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P&G returns to AI market with Always Discreet

By Karen McIntyre, senior editor | August 13, 2014

Pads, liners and disposable underwear target women with bladder issues.

Procter & Gamble has officially announced its entry into the North American adult incontinence market. The company reports that its line of Always Discreet products, specifically designed to revolutionize the way women manage their sensitive bladders, are now available at major retailers nationwide.
The new line consists of liners, pads and underwear designed to offer comfort, protection and discretion, in a feminine design, that absorbs leaks and odors quickly. According to P&G, Always Discreet pads are up to 40% thinner than the leading brand and absorb twice as much fluid as women may need, based on the average consumer usage of incontinence products. The curve-hugging, disposable Always Discreet underwear is designed to be easy to wear and discreet, with the extra protection of Dual LeakGuard barriers to help stop leaks where they are most likely to occur.
P&G is building off the success of its Always feminine hygiene brand, which  has provided protection for more than 30 years. With Always Discreet, the brand continues to support women in all phases of their lives with the comfort and protection they’ve come to expect from Always. According to sources familiar with incontinence trends, about 40% of current Always feminine hygiene customers use the products to handle incontinence problems.

“Always Discreet products have undergone extensive consumer testing and are specifically designed to provide the things that matter most to women with sensitive bladders, including odor neutralization protection and discretion,’’ says Chandrika Kasturi, Always Discreet product research director. “Our advanced OdorLock technology traps odors instantly and for hours and our innovative Advanced Core Technology absorbs fluids to the core and locks it away, offering incredible dryness protection.”

P&G began test marketing Always Discreet liners in the UK a few months ago and the hygiene industry has been speculating that a North American launch was imminent. The company exited the adult incontinence market, which it helped create in the 1970s, in 1999 when it sold its Attends brand to PaperPak Industries.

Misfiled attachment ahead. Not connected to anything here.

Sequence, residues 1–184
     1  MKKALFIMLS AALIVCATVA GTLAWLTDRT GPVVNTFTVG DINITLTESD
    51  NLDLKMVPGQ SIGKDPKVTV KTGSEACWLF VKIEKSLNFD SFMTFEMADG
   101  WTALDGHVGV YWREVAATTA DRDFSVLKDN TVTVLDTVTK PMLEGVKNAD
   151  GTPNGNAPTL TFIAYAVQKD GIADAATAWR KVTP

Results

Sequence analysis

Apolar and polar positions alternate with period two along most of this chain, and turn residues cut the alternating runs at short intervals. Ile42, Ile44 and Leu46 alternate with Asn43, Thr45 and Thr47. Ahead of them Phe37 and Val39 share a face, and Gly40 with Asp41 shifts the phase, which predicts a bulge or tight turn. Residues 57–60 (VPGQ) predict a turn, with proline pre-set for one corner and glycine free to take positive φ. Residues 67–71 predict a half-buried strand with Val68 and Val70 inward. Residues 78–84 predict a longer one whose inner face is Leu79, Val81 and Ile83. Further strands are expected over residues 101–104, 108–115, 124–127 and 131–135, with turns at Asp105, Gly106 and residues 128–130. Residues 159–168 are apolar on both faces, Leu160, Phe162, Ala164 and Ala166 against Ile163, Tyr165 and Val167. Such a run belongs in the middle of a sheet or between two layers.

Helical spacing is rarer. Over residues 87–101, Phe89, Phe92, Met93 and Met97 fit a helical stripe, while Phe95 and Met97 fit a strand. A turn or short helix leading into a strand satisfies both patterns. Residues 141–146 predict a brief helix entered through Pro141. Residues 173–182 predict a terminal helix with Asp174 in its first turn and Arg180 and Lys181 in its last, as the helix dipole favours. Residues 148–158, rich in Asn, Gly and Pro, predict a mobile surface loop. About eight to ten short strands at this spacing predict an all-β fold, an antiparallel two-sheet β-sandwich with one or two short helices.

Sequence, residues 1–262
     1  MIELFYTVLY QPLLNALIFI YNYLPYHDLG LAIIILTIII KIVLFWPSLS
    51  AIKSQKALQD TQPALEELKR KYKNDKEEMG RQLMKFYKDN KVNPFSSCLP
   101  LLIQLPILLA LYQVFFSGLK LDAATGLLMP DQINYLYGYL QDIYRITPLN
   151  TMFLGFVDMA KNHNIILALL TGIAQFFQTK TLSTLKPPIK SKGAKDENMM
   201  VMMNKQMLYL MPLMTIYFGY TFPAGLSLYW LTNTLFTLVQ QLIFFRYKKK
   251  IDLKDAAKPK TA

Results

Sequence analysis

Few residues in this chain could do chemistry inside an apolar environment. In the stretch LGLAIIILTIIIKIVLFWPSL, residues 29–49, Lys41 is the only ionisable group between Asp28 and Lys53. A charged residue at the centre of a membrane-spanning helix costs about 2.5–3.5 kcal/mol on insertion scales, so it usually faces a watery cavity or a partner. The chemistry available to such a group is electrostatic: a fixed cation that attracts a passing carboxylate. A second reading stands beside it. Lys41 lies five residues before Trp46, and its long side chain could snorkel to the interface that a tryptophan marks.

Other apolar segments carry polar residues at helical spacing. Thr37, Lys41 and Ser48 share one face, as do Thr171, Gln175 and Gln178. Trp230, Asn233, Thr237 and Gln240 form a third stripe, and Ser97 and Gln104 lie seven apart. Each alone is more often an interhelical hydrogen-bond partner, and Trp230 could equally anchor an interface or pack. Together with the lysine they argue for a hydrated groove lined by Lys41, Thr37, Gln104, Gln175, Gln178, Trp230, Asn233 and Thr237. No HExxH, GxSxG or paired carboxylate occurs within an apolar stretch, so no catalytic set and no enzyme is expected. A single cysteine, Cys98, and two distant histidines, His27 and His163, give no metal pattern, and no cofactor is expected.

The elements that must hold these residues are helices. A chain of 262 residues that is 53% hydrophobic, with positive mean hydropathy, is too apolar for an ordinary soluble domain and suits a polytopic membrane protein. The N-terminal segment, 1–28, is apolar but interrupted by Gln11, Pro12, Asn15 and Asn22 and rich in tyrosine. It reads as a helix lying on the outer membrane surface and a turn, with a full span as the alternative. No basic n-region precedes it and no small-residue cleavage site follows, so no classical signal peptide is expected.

But, the company could not ignore the appeal of the growing adult incontinence market much longer. During the last 15 years—roughly the same time P&G has been absent from the market—North American adult incontinence sales have tripled to reach $1.5 billion, according to experts. Global sales, now at $7 billion, are growing about 8.4% annually, faster than any other paper-based household products.
According to a global survey conducted by Always Discreet, managing bladder leaks can have a major impact on women’s personal relationships, physical activity, self-confidence and overall outlook. In fact, 30% of women say their sensitive bladder impacts their relationship with their partner, and one in four admits it influences their sex life. The results of the study, published in the British Journal of Urology (BJUI), found having a sensitive bladder also limits almost on in three women’s ability to visit their friends, and over a third of women say the threat of bladder leaks affects their ability to travel.

Women also say having a sensitive bladder affects their daily activities. Thirty percent of women are careful about how much liquid they drink, and 62% report their sensitive bladder impacts their sleep. Eight in 10 women with sensitive bladders experience a little leak when they cough or sneeze, and more than half (69 percent) worry they might smell.

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